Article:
And as Robert Reich says, half the people in the country make under 50K. So to sew a sob story about how you can barely get by on your 250K is not going to get much sympathy here, although I take the point that it is not as much as it seems. But it is a pretty darn small group that makes in that range.

  • dl

    Back to fairness, if a household is earning over $250k in a high cost of living area they must also be in an area of better infrastructure, schools and higher property values. That’s a benefit that others in areas with lower cost of living do not have. Is it wrong to ask those in the high cost of living areas that are earning over that threshold to pay a bit more?

  • chrisco

    Love Robert Reich’s cogent, excellent commentary. I disagree with Moore mostly but respect him as mostly putting out smart and honest commentary, although it seems he has some more spin than usual but we are days away from an election.

  • Danielle Dowers

    I am indeed outraged by the Republicans and Tea Partiers who cry “Government is the problem”, and in the same breath say “Don’t touch my Medicare, corporate subsidies, public safety, defense, and pothole repair”. There is a clear disconnect of the synapses here.
    Trickle down is a myth.
    Tax the Rich.

  • chrisco

    The caller talks of the extreme polarization as the 2 men represent different worlds and he represents common sense. Then he pretty much says these common sense things and they are exactly what Robert Reich was saying!!!

  • Once again….

    the problem we’re having is with this interview itself, it keeps to the same theme of standard economics (Robert Reich) versus supply-side economics (Stephen Moore)

    By continuing to put these two into the same discussion as if they have somehow equal weight is to give the generational lie of the extremes of supply-side economics

    It’s not one side or the other, not between these two!

    A better discussion would be symmetrical, two sides with equally justifiable and well substantiated results or at least basis in valid research

    Leave the voodoo chicanery where it belongs, in the boardrooms of consultants to super wealthy and large corporations to pull the wool over the eyes of the ‘simple’ people

    Please, please, let’s put this where it belongs and get on to a real discussion

  • reich.jonathan

    I can’t believe the BS I’m hearing from Stephen Moore.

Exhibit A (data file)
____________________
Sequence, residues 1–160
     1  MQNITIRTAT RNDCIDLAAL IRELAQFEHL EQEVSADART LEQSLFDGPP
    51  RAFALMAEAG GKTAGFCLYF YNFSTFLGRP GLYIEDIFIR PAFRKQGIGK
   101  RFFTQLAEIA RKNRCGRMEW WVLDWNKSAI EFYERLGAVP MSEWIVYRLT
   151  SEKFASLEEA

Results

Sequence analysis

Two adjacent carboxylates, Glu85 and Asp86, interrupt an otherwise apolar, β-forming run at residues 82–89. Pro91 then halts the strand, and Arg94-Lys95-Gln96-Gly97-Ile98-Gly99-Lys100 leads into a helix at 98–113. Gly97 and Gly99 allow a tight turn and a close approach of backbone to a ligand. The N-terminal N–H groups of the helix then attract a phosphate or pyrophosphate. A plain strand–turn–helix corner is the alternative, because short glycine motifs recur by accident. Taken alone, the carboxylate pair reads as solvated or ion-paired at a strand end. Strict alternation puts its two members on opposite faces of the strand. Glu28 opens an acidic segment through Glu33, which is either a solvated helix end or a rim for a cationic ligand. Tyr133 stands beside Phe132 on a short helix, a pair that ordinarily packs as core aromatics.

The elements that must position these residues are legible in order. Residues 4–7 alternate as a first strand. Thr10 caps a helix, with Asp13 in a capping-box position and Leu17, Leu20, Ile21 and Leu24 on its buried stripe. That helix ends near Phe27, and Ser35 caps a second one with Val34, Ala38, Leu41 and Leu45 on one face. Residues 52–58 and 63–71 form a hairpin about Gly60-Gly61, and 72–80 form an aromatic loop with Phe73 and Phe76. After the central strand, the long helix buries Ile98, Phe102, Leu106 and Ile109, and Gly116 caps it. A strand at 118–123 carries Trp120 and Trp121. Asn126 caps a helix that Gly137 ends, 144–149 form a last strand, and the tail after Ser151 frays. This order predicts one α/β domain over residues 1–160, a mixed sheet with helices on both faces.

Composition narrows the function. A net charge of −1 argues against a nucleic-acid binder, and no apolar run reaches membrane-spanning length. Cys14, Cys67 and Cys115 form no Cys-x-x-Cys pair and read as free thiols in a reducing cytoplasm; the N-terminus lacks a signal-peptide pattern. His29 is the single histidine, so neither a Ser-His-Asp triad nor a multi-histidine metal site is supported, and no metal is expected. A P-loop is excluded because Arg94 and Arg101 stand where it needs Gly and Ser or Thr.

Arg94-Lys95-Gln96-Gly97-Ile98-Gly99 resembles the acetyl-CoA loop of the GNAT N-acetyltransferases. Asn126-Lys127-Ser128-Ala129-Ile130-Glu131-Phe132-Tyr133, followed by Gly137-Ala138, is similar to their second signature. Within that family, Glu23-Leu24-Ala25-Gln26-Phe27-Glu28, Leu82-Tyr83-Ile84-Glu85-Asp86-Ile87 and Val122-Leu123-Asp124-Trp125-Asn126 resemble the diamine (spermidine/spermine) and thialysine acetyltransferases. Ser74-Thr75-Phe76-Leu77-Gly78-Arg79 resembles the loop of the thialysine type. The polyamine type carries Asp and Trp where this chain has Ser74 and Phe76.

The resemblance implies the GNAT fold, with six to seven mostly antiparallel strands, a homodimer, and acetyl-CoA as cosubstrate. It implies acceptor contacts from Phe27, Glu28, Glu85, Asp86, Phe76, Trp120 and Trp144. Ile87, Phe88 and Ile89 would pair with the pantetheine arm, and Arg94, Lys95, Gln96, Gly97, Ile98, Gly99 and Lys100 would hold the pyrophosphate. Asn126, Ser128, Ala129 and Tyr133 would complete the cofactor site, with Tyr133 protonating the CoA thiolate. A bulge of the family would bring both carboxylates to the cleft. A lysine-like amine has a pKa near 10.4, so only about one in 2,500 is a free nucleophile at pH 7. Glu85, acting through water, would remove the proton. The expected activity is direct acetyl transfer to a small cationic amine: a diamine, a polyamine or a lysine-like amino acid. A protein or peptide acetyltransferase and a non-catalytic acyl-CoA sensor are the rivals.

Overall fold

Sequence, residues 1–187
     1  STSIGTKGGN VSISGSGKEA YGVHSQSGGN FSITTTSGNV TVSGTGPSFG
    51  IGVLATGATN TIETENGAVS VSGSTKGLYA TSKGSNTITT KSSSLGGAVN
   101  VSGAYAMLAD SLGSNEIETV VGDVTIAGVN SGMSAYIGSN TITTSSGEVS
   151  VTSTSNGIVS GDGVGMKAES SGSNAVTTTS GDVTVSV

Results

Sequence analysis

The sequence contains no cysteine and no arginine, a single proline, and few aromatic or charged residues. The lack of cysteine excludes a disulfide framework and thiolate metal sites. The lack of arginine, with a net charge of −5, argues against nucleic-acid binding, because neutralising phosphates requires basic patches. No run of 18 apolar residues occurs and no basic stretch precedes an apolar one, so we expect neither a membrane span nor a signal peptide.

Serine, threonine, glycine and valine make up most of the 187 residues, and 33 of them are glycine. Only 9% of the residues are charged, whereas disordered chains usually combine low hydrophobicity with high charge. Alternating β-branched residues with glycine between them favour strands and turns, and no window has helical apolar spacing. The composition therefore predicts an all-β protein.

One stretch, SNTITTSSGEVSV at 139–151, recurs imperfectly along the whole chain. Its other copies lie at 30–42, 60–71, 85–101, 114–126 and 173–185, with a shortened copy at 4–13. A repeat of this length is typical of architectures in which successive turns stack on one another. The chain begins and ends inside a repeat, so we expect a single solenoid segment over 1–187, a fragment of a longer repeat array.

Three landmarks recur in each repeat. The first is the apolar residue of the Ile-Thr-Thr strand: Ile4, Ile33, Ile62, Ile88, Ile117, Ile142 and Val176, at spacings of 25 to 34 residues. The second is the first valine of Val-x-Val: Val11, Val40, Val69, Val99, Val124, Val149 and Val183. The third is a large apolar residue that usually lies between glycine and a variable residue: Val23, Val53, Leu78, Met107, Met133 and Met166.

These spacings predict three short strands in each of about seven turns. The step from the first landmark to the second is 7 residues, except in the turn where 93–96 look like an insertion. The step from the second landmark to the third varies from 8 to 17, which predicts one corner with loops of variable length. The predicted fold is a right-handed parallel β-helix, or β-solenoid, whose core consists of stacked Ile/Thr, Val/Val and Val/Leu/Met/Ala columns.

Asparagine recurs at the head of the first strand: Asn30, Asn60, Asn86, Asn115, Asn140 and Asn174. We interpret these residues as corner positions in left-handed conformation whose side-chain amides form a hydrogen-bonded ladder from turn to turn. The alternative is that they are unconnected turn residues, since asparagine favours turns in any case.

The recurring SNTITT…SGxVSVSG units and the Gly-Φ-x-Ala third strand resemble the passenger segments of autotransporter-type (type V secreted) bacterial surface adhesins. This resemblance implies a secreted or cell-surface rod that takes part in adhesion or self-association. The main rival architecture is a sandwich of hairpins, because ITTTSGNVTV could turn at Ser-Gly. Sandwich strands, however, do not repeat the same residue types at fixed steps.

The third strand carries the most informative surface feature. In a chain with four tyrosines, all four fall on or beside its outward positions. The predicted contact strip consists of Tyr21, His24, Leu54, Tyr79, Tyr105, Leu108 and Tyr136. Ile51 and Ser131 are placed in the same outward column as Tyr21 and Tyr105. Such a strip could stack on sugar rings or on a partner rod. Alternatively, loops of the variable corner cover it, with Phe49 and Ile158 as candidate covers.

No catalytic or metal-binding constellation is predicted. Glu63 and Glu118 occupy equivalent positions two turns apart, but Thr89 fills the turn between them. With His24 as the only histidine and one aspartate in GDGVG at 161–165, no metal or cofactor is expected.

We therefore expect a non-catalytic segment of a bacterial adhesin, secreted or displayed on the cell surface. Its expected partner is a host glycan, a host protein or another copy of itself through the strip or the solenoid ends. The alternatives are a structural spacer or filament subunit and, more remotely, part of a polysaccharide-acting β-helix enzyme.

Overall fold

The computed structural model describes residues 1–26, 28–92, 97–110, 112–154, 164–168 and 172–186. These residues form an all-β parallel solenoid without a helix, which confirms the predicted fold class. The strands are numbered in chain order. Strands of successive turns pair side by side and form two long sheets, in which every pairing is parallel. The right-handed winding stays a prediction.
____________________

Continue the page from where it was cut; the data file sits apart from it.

He’s repeating lie after lie just like the Republican political machine.
    Everybody should know that he and the people like him have destroyed the middle class in this country.
    And the Republicans are trying to repress the facts that prove it.
    The NYTimes report Thursday that Senate Republicans pressured the NON Partisan Congressional Research Service to withdraw an economic report that found no correlation between top tax rates and economic growth, a central tenet of conservative economic theory. Heres’ the link:
    http://www.nytimes.com/2012/11/02/business/questions-raised-on-withdrawal-of-congressional-research-services-report-on-tax-rates.html?ref=business&_r=2&
    Furthermore, the share of wealth in this country held by the rich has been increasing for decades and the gap between rich and poor has been growing. It’s a structural problem exacerbated by globalism, free market myths such as trickle down economics, and the rich not paying their fair share of taxes. Check out the following:
    http://www.guardian.co.uk/news/datablog/video/2011/nov/16/99-v-1-occupy-data-animation?fb=native

    It’s particularly galling to hear Moore talk s___t about Obama since the problems began long ago, 4 years is not enough time to fix it, and the Republicans and people like Moore have been fighting Obama every step of the way while promoting their own selfish interest and not the interest of the USA. They’ve also unleashed a vile, hate-filled, and dangerous campaign of truth twisting and lies since the McCain campaign.
    One has to have been asleep the last 5 years to not have seen this.

  • commonsense1234

    Investors don’t make investment decisions base on marginal tax rates. They make investments based on the perceived future increase of that particular asset class. In 2013, the housing market will recover which is a huge driver in the economy. Half of the unemployment is in construction – solve housing and your federal deficits become greatly reduced.

  • MelFC